In a climate of improved tolerance, growing numbers of people in Turkey are discovering their grandmothers were Armenian. Hundreds of thousands of Armenians escaped the mass deportations and slaughter of the early 1900's by forced conversion to Islam. Or, Armenian children were taken in by Turkish families and assimilated. Now their stories are increasingly being heard. Dorian Jones reports from Istanbul that the revelations are viewed as an important step.
Video

Video Migrants Trek Through Western Balkans to Reach EU

Migrants from Africa and other places are finding different routes into the European Union in search of a better life. The Associated Press followed one clandestine group to document their trek through the western Balkans to Hungary. Zlatica Hoke reports that the migrants started using that route about four years ago. Since then, it has become the second-most popular path into Western Europe, after the option of sailing from North Africa to Italy.
Video

Video TIME Magazine Honors Activists, Pioneers Seen as Influential

TIME Magazine has released its list of celebrities, leaders and activists, whom it deems the world’s “most influential” in 2015. VOA's Ramon Taylor reports from New York.
Video

Video US Businesses See Cuba as New Frontier

The Obama administration's opening toward Cuba is giving U.S. companies hope they'll be able to do business in Cuba despite the continuation of the U.S. economic embargo against the communist nation. Some American companies have been able to export some products to Cuba, but the recent lifting of Cuba's terrorism designation could relax other restrictions. As VOA's Daniela Schrier reports, corporate heavy hitters are lining up to head across the Florida Straits - though experts urge caution.
Video

Video Kenya Launches Police Recruitment Drive After Terror Attacks

Kenya launched a major police recruitment drive this week as part of a large-scale effort to boost security following a recent spate of terror attacks. VOA’s Gabe Joselow reports that allegations of corruption in the process are raising old concerns about the integrity of Kenya’s security forces.
Video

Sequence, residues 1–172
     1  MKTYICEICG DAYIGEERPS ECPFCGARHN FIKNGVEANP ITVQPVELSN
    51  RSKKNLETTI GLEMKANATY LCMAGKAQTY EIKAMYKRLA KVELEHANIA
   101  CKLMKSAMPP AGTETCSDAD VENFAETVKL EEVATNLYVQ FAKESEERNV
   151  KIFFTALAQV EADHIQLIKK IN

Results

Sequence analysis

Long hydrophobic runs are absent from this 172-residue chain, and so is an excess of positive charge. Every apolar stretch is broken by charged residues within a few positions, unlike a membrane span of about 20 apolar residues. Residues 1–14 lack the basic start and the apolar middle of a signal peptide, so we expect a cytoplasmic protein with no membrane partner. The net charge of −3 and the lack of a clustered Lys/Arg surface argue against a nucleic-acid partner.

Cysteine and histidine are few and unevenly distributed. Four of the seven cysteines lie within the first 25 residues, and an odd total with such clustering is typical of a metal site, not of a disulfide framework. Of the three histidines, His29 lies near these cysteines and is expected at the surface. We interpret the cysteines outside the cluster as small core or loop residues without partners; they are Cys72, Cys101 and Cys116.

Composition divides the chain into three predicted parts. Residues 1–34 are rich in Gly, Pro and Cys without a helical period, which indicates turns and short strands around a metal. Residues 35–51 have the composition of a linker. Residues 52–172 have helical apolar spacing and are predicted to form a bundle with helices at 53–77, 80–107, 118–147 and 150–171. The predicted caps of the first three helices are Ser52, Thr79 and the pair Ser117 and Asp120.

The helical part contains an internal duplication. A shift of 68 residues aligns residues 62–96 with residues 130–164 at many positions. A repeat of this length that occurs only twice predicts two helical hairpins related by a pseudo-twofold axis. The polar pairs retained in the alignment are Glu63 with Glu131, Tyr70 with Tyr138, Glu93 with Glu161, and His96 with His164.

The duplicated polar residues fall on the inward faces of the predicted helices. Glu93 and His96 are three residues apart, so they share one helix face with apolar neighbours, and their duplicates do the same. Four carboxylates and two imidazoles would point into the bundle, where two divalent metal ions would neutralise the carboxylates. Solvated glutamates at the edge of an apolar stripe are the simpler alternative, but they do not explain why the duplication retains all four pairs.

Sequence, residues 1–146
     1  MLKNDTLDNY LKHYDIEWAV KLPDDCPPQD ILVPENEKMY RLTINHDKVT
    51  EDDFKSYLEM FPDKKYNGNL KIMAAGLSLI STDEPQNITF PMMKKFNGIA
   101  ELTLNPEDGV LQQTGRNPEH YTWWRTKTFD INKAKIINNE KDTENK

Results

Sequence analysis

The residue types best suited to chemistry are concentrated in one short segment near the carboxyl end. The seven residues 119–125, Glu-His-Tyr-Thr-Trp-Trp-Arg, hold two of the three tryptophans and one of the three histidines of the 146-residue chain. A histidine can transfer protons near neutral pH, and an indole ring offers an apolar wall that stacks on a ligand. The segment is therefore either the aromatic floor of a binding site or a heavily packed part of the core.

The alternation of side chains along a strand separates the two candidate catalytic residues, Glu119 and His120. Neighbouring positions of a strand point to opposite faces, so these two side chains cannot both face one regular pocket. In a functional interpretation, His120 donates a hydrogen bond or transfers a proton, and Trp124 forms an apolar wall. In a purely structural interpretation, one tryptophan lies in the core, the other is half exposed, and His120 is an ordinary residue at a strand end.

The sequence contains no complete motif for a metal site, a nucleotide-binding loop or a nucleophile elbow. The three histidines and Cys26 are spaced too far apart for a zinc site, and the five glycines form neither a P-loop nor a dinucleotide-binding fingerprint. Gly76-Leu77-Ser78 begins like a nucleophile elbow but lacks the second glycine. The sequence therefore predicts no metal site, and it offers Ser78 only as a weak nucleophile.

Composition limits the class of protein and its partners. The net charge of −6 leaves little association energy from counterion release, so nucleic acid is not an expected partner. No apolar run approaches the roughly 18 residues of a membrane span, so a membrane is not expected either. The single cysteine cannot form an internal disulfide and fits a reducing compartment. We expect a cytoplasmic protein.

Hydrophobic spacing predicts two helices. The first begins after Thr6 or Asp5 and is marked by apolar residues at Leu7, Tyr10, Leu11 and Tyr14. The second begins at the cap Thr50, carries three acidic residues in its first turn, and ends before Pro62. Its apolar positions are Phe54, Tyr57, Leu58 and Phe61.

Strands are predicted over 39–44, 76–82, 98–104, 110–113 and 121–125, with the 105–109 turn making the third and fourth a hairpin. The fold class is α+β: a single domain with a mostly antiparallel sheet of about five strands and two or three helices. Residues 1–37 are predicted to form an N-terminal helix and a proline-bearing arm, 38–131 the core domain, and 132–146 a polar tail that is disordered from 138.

Video Japan, China in Race for Asia High-Speed Rail Projects

A lucrative competition is underway in Asia for billions of dollars in high-speed rail projects. Cambodia, India, Indonesia, Malaysia Thailand and Vietnam are among the countries planning to move onto the fast track. They are negotiating with Japan and the upstart Chinese who are locked in a duel to revolutionize transportation across Asia. VOA Correspondent Steve Herman in Bangkok has details.
Video

Video Scientists: Mosquitoes Attracted By Our Genes

Some people always seem to get bitten by mosquitoes more than others. Now, scientists have proved that is really the case - and they say it’s all because of genes. It’s hoped the research might lead to new preventative treatments for diseases like malaria, as Henry Ridgwell reports from London.
Video

Video Bible Museum Coming to Washington DC

Washington is the center of American political power and also home to some of the nation’s most visited museums. A new one that will showcase the Bible has skeptics questioning the motives of its conservative Christian funders. VOA religion correspondent Jerome Socolovsky reports.
Video

Video Armenia and Politics of Word 'Genocide'

A century ago this April, hundreds of thousands of Armenians of the Turkish Ottoman empire were deported and massacred, and their culture erased from their traditional lands. While broadly accepted by the U.N. and at least 20 countries as “genocide”, the United States and Turkey have resisted using that word to describe the atrocities that stretched from 1915 to 1923. But Armenians have never forgotten.
Video

Video Afghan First Lady Pledges No Roll Back on Women's Rights

Afghan First Lady Rula Ghani, named one of Time's 100 Most Influential, says women should take part in talks with Taliban. VOA's Rokhsar Azamee has more from Kabul.
Video

Video New Brain Mapping Techniques Could Ease Chronic Pain

From Boulder, Colorado, Shelley Schlender reports that new methods for mapping pain in the brain are providing validation for chronic pain and might someday guide better treatment.

VOA Blogs